HS Library Works Cited Guide


A “Works Cited” page goes at the end of your research paper, listing all of the reference materials and sources–such as books, essays, articles from periodicals and electronic media, online references, interviews, etc.—from which you have gathered material for writing your paper. List only the sources actually mentioned in your paper.

Check out the template links for fast and up-to-date MLA guides (you type in the information, they format!).



or consult the samples listed at:



1. A Book with a Single Author

Format: Last name, first name. Title of Book. Publisher, Date of Publication.

Example: Bradbury, Ray. Fahrenheit 451. Simon &
Schuster, 1993.

2. A Book with Two or Three Authors

Format: Last name, first name (of author #1) and complete name in normal order (of author #2). Title of Book. Publisher, Date of Publication.

Example: Richter, Peyton, and Lucy Ricardo. Voltaire. Twayne, 1980.

Note: If a book has more than 3 authors, you may list the first author only and then type et al which means and others.

3. A Book with an Editor

Format: Follow name or names with a comma and the word editor(s). Then continue entry as above.

Example: Swisher, Clarice, ed. Victorian Literature. Greenhaven Press, 2000.

4. World Wide Web Site

Format: Name of author (if given). “Name of article or webpage.” Name of website. Name of institution/organization affiliated with the website, date of posting or last revision. Medium of publication. Day month year of access. <URL>.

Example: “Jimi Hendrix.” Biography.com. A&E Television Networks, 2013. Web. 21 Sept. 2015. <http://www.biography.com/people/jimi-hendrix-9334756?page=2>.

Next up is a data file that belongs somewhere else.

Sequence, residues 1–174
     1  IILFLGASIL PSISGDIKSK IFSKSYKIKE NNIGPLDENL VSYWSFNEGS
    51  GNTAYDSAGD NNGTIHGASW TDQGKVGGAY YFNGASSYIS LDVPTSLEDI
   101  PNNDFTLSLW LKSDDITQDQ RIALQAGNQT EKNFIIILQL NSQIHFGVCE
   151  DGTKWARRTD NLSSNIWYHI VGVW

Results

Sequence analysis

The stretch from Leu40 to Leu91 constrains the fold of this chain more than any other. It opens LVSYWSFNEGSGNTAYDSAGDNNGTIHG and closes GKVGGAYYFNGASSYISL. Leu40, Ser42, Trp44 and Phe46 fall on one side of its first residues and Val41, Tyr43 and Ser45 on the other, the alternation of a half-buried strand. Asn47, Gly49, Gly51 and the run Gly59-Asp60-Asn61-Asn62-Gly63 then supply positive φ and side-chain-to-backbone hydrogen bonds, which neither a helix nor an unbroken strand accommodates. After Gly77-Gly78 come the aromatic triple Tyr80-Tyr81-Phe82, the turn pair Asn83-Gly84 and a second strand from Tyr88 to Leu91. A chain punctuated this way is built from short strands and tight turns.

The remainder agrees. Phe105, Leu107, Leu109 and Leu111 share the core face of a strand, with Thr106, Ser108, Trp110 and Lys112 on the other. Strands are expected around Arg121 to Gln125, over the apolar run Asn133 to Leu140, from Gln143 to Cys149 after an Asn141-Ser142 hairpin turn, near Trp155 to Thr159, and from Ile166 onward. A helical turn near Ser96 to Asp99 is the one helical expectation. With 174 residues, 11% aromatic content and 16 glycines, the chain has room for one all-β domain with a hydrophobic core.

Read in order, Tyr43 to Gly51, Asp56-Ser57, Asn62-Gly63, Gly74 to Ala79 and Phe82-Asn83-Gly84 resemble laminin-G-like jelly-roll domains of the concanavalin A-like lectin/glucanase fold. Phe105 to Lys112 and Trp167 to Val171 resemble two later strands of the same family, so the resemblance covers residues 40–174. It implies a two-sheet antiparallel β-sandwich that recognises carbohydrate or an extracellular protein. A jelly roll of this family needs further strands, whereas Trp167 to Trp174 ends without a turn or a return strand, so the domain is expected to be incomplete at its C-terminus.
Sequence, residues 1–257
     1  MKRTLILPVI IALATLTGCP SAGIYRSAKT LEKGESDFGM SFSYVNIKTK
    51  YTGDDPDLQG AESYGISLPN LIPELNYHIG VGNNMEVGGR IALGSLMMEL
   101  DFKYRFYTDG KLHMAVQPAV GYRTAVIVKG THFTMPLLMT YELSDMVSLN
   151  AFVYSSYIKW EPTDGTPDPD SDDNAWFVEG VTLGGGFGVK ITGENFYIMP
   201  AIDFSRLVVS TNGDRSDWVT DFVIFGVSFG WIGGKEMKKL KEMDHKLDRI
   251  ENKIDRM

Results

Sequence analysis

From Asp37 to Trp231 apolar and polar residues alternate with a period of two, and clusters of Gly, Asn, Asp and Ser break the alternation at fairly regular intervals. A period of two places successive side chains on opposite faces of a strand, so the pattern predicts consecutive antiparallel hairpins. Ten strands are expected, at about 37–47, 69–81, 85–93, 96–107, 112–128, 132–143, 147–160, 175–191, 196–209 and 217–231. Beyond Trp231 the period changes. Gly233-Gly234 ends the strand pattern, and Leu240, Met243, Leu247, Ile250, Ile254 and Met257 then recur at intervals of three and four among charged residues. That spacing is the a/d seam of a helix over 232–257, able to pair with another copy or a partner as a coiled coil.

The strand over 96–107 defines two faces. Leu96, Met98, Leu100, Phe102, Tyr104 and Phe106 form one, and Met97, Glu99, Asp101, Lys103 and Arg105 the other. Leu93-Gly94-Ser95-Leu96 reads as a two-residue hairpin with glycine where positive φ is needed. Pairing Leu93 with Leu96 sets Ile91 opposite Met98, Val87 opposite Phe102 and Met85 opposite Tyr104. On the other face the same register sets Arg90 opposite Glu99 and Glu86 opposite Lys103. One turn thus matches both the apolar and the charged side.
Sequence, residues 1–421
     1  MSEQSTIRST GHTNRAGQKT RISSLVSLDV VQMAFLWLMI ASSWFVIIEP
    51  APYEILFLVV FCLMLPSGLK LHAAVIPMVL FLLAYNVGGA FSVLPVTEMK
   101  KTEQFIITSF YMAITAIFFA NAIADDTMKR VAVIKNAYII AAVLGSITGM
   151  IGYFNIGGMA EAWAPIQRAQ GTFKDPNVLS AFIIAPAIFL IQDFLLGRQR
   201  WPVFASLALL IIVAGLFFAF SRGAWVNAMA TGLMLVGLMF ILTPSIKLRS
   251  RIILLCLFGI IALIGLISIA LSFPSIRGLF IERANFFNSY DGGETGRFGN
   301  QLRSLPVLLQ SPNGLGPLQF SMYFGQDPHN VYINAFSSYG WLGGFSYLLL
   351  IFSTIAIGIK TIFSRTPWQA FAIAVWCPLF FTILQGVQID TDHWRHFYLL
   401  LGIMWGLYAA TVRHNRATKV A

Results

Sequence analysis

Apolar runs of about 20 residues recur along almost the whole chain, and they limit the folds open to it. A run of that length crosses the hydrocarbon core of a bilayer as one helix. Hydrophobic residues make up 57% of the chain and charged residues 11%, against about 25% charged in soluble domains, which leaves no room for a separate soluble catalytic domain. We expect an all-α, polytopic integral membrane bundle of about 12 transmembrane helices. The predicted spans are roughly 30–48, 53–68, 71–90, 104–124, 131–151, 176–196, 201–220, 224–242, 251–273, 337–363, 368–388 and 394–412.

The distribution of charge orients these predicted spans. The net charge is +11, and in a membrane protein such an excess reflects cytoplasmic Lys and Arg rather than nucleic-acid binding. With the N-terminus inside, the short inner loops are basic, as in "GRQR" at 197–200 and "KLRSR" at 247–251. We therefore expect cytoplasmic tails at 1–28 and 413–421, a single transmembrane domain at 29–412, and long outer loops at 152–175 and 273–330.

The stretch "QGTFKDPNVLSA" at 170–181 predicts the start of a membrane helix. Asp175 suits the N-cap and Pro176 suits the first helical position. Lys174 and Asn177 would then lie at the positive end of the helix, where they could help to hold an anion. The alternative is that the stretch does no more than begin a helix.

5. An Encyclopedia Article

Format: Author, if known, last name first. “Title of article.” Encyclopedia. Edition date. Medium of publication.

Example: Lipking, Lawrence. “Realism.” The World Book Encyclopedia. 2000 ed. Print.

6. World Book Online Encyclopedia Article

Format: Author, if known, last name first. “Title of article.” World Book. World Book, 2013. Web. Date of Access.

Example: Coffman, Edward M. “World War I.” World Book. World Book, 2013. Web. 2 Sept. 2013

7. Full-Text Articles from Periodicals on an Online Database (e.g. Infotrac or Elibrary).

Format: Author. “Title of article.” Title of Journal Date of publication : Number range of pages (if given). Name of database. Medium of publication. Date of access .

Example: Anderson, J. “Keats in Harlem.” Newsweek 8 Apr. 1999: 34-9. eLibrary. Web. 2 Sept. 2013.

Example: Russo, Michelle Cash. “Guide to Graphic Novels.” School
Library Journal. August 2004: 178-83. InfoTrac. Web. 3 September 2013.

8. A Collection of Essays by Different Authors

Format: Last name, then first of the author of the particular essay. “Title of Essay.” Title of Collection. Ed. Name of editor. City: Publisher, Date. Page numbers. Medium of publication.

Example: Rachels, James. “Can Ethics Provide Answers?” Taking Sides, Clashing Issues on Controversial Moral Issues. Ed. Satris, Stephen. Guilford, CT: Dushkin, 1996. 4-13. Print.

9. An Article from a Magazine, Weekly, or Monthly.

Format: Author, last name first. “Title of Article.” Name of Magazine (no punctuation following) Date with number first and no punctuation: page number(s). Medium of publication.

Example: Meacham, Jon. “The New Face of Race.” Newsweek 18 Sept. 2000: 38-41. Print.

Example: Kramer, Milton. “Dreamspeak.” Psychology Today Oct 2000: 56+. Print.

10. An Article from a Journal that uses Volume Numbers

Format: Author, last name first. “Title.” Name of Journal (no punctuation)